Donation and Transplantation in the News
April’s biggest organ, eye and tissue donation news and stories from around Colorado, Wyoming and the US:
Crash Victim’s Family Thanks First Responders, Touts Organ Donation
The family of Cody Crosby thanked first responders. Nearly four years ago, Cody Crosby died when the car he was riding in hit an abandoned truck that was parked on the ramp at I-70 and Wadsworth. Crosby was a registered organ donor and his death saved the lives of three others. Watch the story here.
Hall of Famer Rod Carew’s heart transplant came from a former NFL player
Hall of Famer Rod Carew underwent a successful heart and kidney transplant in Los Angeles in December. Carew, now 71, had been using a mechanical device to pump blood following a massive heart attack in September 2015. According to Garrett Downing, the heart and kidney Carew received came from former NFL player Konrad Reuland. Reuland, who played for four teams during his career, died at 29 due to a brain aneurysm in December. Read more.
Transplant touchdown: Gavin Maxwell, new liver control the gridiron
After a rare diagnosis, Gavin Maxwell received a new liver. He and his family battled back to normalcy, but there was one catch: Gavin couldn’t play football. That was a though-blow for the then 10-year old who still calls the sport his favorite. However, he was wise beyond his years and didn’t take no for an answer. Gavin became the youngest official within the Sheridan Recreation District’s Little Guy Football program. Read more.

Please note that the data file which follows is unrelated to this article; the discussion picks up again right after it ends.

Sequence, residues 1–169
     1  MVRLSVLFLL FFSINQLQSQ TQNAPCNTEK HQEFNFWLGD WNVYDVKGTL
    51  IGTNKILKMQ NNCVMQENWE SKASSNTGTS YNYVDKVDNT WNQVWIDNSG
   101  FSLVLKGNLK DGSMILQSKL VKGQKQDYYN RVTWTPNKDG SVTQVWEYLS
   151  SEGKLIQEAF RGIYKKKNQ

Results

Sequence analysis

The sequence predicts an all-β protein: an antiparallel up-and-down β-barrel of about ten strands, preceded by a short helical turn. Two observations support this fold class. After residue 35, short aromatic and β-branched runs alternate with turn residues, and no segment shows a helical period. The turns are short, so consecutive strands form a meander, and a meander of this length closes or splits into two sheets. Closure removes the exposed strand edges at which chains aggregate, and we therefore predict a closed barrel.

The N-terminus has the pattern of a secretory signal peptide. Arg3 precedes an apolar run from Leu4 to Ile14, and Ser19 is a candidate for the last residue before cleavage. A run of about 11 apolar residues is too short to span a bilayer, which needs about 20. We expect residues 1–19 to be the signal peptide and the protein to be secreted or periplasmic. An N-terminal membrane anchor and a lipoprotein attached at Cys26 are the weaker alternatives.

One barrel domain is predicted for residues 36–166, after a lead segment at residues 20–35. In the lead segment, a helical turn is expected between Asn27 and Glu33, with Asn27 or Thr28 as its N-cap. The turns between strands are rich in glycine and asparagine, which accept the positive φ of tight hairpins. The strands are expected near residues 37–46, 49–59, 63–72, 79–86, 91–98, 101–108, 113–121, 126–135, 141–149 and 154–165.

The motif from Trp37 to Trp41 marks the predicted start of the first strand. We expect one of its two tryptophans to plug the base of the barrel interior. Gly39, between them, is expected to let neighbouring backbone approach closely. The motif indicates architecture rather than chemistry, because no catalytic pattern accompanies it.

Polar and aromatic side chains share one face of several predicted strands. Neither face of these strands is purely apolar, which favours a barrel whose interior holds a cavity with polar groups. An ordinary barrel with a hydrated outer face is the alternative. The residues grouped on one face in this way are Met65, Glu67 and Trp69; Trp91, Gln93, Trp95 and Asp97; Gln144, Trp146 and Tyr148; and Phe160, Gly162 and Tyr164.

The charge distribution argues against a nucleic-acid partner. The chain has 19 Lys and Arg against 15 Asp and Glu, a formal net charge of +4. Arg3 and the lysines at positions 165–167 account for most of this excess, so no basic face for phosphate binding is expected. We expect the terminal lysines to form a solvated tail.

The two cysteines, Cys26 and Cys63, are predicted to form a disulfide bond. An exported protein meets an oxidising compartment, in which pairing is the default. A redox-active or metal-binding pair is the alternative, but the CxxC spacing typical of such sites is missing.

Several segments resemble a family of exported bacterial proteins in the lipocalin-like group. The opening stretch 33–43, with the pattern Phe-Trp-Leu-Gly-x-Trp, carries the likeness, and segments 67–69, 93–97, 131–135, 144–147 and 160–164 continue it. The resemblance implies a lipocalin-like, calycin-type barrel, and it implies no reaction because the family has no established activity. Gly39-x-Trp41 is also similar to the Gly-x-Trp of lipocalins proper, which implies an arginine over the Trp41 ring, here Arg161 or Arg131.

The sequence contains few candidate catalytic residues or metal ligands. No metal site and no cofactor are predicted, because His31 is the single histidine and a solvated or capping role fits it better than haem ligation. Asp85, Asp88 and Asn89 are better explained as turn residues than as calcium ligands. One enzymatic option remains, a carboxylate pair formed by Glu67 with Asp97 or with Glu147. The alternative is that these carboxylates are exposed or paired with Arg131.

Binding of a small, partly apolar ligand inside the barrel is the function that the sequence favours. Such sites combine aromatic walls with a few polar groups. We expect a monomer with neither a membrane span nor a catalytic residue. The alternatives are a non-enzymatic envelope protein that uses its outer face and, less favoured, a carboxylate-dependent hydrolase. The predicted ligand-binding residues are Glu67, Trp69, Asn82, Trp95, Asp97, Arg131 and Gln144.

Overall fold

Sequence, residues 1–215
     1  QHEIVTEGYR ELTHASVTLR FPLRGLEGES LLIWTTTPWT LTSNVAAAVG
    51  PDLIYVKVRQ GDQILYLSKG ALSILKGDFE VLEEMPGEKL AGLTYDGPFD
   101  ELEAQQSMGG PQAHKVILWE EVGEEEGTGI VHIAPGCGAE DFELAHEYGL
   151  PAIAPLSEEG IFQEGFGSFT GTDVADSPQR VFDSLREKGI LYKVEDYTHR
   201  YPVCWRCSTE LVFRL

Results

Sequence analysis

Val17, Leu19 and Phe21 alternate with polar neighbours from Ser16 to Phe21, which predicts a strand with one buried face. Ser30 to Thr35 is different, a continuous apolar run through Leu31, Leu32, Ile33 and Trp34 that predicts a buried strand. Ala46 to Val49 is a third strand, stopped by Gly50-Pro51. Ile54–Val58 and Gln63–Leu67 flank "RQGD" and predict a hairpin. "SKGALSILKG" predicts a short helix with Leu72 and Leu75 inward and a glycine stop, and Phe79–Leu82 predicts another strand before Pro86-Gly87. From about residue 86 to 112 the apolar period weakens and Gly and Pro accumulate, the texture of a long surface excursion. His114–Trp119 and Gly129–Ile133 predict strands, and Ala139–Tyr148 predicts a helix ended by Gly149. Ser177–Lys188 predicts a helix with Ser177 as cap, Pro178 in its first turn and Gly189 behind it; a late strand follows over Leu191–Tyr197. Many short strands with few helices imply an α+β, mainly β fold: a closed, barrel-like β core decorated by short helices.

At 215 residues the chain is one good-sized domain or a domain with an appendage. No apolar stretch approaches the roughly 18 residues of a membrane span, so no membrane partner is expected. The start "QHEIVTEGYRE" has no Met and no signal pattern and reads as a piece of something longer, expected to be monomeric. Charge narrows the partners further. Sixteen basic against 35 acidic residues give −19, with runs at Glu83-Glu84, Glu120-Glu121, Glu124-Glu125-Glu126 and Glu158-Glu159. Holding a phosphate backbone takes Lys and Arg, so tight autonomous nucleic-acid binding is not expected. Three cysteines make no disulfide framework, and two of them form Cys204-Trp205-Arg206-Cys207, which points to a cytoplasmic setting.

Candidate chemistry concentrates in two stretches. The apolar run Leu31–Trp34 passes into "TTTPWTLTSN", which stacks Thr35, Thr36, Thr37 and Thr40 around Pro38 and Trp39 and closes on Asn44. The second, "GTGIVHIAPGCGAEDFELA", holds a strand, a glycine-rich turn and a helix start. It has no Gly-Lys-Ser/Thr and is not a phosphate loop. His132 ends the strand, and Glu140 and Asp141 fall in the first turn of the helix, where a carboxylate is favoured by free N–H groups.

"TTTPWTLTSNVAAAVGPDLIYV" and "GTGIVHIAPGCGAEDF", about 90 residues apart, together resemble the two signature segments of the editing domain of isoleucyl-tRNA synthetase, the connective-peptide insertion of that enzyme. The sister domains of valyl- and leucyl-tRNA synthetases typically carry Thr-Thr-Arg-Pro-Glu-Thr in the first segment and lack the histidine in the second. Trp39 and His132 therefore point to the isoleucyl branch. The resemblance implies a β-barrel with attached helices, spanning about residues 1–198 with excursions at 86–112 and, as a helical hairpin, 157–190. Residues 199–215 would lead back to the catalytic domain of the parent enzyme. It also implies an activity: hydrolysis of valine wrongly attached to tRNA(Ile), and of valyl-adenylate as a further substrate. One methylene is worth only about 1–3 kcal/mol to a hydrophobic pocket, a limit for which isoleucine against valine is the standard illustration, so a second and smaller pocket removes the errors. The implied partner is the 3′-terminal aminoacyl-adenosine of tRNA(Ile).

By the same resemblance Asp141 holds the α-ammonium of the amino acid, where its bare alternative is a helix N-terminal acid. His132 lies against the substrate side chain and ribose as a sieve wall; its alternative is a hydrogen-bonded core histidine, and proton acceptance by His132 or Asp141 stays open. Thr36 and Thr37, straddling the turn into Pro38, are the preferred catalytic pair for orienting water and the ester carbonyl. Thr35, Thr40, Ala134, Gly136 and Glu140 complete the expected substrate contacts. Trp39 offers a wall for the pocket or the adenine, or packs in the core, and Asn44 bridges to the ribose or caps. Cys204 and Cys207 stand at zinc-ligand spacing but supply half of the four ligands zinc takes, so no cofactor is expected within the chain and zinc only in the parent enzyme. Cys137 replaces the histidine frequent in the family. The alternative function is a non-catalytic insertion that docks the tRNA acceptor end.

For Lead native, organ donation lifelong passion
Sue Dunn is the president and CEO of Donor Alliance, a Denver-based organ procurement organization that serves Colorado and most of Wyoming. She was recently elected vice president/president-elect of the Organ Procurement and Transplantation Network/United Network for Organ Sharing board of directors. Read more.
After Cheating Death Twice, Ironman Powers Through Races with Another Person’s Heart
Heart transplant recipient Derek Fitzgerald runs, bikes and swims for a reason: “to be the best custodian of my body.” Within two years of his transplant, Fitzgerald became the first American heart transplant recipient to endure the 2.4-mile swim, 112 mile-bike ride, and marathon that make up an Ironman triathlon. Read more.